# Calculating integral using summation notation

I'm trying to understand $$\lim_{n\to\infty}\frac{3}{n}\sum_{k=1}^{n} \left(\left(\frac{3k}{n}\right)^2- \left(\frac{3k}{n}\right) \right).$$ I believe we can take $$a=0, b=3$$ and so this is equivalent to $$\int_{0}^{3} (x^2-x) \, dx.$$ Is this correct?

• Yes, this is correct. – szw1710 Sep 20 at 20:27

If $f$ is Riemann integrable at $[a,b]$ then $$\lim_{n\to +\infty}\frac{b-a}{n}\sum_{k=1}^nf(a+k\frac{b-a}{n})=\int_a^bf(x)dx$$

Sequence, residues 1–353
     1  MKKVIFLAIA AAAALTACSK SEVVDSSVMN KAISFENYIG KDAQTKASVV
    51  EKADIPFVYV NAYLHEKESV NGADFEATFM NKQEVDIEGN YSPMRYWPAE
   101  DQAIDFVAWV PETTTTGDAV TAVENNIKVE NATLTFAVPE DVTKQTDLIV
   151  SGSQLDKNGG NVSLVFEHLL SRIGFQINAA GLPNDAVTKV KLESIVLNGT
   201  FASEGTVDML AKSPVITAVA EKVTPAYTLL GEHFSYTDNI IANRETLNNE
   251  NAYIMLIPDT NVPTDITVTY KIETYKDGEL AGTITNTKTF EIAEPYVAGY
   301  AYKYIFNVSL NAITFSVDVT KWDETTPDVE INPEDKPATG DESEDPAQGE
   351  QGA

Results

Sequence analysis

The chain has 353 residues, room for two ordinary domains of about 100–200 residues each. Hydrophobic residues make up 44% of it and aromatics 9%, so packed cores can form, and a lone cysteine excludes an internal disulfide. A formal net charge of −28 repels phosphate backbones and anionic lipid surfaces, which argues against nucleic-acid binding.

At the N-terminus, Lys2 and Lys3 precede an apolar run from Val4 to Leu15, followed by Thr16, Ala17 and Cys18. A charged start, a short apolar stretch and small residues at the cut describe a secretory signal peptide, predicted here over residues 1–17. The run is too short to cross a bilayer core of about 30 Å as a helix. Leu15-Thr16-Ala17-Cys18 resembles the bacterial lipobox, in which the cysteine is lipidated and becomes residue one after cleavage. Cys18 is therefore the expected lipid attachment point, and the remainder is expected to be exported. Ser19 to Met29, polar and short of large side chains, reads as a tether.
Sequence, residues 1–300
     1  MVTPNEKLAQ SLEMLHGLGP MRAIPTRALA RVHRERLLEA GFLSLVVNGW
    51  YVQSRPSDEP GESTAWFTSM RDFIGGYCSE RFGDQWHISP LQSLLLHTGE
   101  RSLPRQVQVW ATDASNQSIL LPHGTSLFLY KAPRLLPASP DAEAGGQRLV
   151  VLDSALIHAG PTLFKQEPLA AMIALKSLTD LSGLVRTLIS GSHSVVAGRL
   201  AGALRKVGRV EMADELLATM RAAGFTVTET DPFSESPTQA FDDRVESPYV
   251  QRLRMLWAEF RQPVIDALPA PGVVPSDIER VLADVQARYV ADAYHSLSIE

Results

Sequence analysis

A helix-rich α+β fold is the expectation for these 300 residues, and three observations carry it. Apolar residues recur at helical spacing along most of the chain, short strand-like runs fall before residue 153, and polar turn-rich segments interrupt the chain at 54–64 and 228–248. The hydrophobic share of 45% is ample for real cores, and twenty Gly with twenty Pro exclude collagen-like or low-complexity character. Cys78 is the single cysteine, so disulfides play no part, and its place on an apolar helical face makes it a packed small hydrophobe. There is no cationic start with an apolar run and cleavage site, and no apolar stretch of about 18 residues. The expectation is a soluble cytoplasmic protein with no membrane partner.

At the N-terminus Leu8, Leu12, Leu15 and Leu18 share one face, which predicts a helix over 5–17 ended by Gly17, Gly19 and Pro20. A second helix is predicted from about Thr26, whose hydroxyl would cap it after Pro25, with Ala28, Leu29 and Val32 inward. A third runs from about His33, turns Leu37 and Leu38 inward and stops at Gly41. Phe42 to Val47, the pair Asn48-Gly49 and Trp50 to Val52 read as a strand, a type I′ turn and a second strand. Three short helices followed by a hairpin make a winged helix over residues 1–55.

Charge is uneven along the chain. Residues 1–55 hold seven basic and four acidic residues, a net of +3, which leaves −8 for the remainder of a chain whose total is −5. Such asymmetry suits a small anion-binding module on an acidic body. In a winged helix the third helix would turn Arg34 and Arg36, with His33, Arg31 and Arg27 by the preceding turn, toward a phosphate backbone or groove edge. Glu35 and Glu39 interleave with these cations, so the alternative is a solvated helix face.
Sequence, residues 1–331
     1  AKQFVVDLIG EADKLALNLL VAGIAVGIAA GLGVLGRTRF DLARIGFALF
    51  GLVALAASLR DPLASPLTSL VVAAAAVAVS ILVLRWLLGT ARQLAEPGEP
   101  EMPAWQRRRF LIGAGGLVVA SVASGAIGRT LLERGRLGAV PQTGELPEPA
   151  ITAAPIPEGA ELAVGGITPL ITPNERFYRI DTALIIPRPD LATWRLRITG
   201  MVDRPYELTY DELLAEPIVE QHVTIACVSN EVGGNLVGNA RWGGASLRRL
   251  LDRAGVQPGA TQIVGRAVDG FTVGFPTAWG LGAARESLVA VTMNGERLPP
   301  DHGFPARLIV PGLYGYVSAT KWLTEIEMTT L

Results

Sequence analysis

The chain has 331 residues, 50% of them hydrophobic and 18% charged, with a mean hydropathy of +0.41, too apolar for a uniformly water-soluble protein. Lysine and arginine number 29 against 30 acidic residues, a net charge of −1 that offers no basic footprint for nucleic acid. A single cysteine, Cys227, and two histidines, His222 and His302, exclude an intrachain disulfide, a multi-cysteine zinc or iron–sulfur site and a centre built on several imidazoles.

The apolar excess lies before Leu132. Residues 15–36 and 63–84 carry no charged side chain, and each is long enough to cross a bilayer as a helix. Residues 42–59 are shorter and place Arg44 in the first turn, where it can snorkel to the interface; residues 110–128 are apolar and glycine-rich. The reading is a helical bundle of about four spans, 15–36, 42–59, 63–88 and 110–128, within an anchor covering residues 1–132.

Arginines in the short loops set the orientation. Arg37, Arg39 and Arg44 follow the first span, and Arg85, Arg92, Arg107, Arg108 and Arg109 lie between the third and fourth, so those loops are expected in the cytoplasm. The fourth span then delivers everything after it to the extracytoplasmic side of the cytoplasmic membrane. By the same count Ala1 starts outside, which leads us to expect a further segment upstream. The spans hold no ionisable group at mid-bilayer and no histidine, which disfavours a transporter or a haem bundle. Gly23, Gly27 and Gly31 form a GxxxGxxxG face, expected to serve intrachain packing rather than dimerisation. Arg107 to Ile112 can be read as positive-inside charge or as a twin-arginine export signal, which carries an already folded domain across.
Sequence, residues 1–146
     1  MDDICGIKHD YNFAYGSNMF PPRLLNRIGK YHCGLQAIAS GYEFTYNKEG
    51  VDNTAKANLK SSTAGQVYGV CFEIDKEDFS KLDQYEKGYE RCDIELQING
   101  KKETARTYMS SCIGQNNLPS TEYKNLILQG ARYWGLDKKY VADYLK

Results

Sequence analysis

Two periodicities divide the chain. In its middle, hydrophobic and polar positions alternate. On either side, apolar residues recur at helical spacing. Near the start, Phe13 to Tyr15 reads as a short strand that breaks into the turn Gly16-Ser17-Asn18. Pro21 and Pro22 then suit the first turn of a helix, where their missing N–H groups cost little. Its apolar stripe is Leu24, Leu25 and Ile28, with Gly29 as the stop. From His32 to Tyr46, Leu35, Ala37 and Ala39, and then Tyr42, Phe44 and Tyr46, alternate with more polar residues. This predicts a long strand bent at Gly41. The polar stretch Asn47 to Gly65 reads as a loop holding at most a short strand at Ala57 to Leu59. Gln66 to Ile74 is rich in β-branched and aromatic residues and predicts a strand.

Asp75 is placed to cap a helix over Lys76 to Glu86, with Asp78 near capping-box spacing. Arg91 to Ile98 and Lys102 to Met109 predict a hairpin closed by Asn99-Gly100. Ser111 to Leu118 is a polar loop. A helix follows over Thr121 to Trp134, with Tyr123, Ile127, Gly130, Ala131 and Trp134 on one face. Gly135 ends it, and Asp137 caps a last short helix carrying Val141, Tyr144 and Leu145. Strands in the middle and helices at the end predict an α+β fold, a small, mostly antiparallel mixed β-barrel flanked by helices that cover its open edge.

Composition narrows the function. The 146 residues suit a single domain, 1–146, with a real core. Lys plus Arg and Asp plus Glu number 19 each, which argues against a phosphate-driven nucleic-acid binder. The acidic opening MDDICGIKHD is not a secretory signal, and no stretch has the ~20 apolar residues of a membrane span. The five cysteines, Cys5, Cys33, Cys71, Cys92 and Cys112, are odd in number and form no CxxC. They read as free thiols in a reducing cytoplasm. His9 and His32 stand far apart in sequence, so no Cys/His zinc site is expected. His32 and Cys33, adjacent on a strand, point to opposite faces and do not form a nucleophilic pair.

in your case $$a=0, \; b=3,\; f(x)=x^2-x$$ and $$\int_0^3f=\frac 92$$

Recall that in general by Riemann sum

$$\lim_{n\to \infty}\frac{b-a}n\sum_{k=0}^{n} f\left(a+{k\over n}(b-a)\right)=\int_a^b f(x) dx$$

and in your case by $$a=0$$, $$b=3$$ we have

$$\lim_{n\rightarrow\infty}\frac{3}{n}\sum_{k=1}^n\left(\left(\frac{3k}{n}\right)^2-\frac{3k}{n}\right)=\int_0^3(x^2-x) dx$$